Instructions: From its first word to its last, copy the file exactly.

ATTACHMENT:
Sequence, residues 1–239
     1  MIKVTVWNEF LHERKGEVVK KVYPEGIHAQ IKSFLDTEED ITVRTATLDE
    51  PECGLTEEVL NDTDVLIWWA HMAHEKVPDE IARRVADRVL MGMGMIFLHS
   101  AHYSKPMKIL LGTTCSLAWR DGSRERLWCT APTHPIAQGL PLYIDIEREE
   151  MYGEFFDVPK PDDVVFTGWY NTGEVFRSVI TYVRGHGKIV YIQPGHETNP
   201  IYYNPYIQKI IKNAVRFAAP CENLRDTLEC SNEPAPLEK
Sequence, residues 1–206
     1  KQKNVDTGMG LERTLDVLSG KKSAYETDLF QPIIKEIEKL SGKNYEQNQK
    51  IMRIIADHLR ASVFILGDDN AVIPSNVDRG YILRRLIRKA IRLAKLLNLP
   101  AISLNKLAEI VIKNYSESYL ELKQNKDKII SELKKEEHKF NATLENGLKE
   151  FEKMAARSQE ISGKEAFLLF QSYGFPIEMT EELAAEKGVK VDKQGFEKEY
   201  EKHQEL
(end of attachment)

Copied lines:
Sequence, residues 1–239
     1  MIKVTVWNEF LHERKGEVVK KVYPEGIHAQ IKSFLDTEED ITVRTATLDE
    51  PECGLTEEVL NDTDVLIWWA HMAHEKVPDE IARRVADRVL MGMGMIFLHS
   101  AHYSKPMKIL LGTTCSLAWR DGSRERLWCT APTHPIAQGL PLYIDIEREE
   151  MYGEFFDVPK PDDVVFTGWY NTGEVFRSVI TYVRGHGKIV YIQPGHETNP
   201  IYYNPYIQKI IKNAVRFAAP CENLRDTLEC SNEPAPLEK
Sequence, residues 1–206
     1  KQKNVDTGMG LERTLDVLSG KKSAYETDLF QPIIKEIEKL SGKNYEQNQK
    51  IMRIIADHLR ASVFILGDDN AVIPSNVDRG YILRRLIRKA IRLAKLLNLP
   101  AISLNKLAEI VIKNYSESYL ELKQNKDKII SELKKEEHKF NATLENGLKE
   151  FEKMAARSQE ISGKEAFLLF QSYGFPIEMT EELAAEKGVK VDKQGFEKEY
   201  EKHQEL